22 February 2011

Ask me no questions...

The latest opinion polls show Fine Gael heading towards that elusive overall majority with 40% of the first preference vote, which (with all apologies to my Grandfather, who is a Blueshirt to his very core) would be a very bad thing.

All our problems have been caused by Fianna Fail's neo-liberal agenda, it is madness to try and fix all our woes by implementing even more neo-liberal policies. Lower taxes, lighter-touch regulation, less onuses on businesses to protect their workers, handing the medical system over to the insurance companies, with the exception of the abolition of the Seanad and reform of the Dáil every single aspect of Fine Gael's five point plan will be a disaster for the country.

No matter, the point of this post is not to bemoan the disaster that will be our incoming government, there will be plenty of time for that later, the point of this post is to comment on the nature of opinion polls.

The Very Understanding Girlfriend took part in one this morning. This was her third phone poll. I have also taken part in three over the last eight weeks. We have been called four times by RedC and twice by MRBI. Our answers have not changed in this time. We have been called once in the evening, and five times during business hours, and only once on the weekend. All in an eight week period.

Now, this cannot be unusual behaviour for the pollsters, we are obviously on some sort "call these folks, they don't hang up on us" list. So if I extrapolate from our own experience I would assume that most polls are composed of homemakers, the unemployed and folks who work from home. Who else is at home during business hours on a weekday? This is, to say the least, not a particularly representative sample of either the populace at large or likely voters.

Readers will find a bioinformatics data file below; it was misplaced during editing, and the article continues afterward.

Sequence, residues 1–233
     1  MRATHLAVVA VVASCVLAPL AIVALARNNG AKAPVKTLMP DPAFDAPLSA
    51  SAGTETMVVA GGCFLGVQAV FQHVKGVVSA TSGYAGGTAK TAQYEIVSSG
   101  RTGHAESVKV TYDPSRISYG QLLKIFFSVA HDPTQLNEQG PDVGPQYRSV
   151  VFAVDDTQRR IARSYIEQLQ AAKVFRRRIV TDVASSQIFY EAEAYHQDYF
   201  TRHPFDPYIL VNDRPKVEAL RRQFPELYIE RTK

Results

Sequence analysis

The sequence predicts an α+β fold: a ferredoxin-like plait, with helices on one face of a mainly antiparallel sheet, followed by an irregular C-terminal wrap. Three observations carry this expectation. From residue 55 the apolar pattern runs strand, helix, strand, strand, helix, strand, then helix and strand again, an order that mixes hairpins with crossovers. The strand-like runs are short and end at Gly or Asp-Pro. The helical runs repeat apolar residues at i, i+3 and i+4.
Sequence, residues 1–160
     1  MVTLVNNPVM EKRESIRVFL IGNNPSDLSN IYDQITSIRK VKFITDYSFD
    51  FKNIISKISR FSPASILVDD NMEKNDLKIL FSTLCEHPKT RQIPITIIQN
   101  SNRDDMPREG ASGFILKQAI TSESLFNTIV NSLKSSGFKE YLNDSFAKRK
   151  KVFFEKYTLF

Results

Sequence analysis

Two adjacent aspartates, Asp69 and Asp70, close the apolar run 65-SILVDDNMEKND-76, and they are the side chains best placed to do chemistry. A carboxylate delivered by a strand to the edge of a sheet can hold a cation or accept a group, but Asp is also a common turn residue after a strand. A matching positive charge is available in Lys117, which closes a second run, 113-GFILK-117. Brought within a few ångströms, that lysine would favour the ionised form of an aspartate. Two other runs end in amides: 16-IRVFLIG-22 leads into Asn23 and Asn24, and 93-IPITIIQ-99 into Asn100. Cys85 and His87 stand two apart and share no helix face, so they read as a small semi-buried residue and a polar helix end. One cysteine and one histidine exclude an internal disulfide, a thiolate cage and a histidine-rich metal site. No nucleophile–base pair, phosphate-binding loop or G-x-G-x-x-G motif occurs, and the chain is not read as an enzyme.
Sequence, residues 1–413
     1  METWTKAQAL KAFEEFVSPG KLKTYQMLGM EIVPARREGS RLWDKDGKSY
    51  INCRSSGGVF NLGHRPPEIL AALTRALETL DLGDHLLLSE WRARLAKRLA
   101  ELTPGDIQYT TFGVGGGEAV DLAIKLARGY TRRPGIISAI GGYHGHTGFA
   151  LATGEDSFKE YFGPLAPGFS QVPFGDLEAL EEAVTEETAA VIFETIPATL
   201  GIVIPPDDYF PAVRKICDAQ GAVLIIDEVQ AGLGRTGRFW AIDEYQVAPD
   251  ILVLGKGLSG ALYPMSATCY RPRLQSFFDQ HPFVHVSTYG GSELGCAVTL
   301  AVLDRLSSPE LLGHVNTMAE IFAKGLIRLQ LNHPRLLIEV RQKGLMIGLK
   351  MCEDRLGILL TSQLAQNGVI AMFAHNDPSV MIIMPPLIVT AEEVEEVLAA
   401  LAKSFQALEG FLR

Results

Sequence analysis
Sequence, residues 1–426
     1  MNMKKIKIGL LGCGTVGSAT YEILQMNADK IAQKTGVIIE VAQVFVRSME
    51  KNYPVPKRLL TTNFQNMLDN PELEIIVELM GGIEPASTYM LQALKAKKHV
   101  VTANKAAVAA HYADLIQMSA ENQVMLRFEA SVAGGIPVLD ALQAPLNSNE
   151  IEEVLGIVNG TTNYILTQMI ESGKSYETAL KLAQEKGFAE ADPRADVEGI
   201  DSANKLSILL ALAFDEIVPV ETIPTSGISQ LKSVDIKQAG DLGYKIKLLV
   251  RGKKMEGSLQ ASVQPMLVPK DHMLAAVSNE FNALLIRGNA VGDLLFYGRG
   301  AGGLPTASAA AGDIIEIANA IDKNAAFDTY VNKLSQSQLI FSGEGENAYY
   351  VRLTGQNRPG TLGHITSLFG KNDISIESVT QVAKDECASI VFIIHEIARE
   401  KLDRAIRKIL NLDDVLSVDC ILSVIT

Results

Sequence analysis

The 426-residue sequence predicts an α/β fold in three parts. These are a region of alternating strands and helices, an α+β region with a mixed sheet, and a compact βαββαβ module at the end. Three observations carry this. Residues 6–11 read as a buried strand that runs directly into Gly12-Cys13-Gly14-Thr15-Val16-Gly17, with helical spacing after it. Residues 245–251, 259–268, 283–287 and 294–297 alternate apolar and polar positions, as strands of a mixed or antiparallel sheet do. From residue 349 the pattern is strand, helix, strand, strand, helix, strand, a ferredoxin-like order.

We've also been polled six times in a very short timescale, and our views haven't changed from week to week. Why have we been called so often? Are they deliberately calling us multiple times so they can track the same sample group to see if their opinions change over time? Poll sample sizes seem to be around 1,000 for the MRBI and RedC, but I always assumed that successive polls sampled different groups, leading to a more representative picture over time. Surely sampling the same group each time means that you are only drawing the opinions of 1,000 people (most of whom made their minds up ages ago) as opposed to the nation as a whole?

In the 2009 local and EU elections, the total electorate was 3,259,253, of which 1,880,589 (or 57% of the electorate) voted. Am I really representative of 0.1% of the electorate? Are there really 3,259 folks out there as grumpy as me (1,880 of them grumpy enough to get off their backsides and vote)? And if there are this many, why do I never seem to end up sitting beside them on trains, busses park benches and other locations seemingly populated exclusively by rabid Fianna Failers?

What I'm wondering is, given my own direct experience of recent polling, just how accurate a prediction of actual voter intentions are Irish election polls?

Well, we'll all know on Saturday I suppose.

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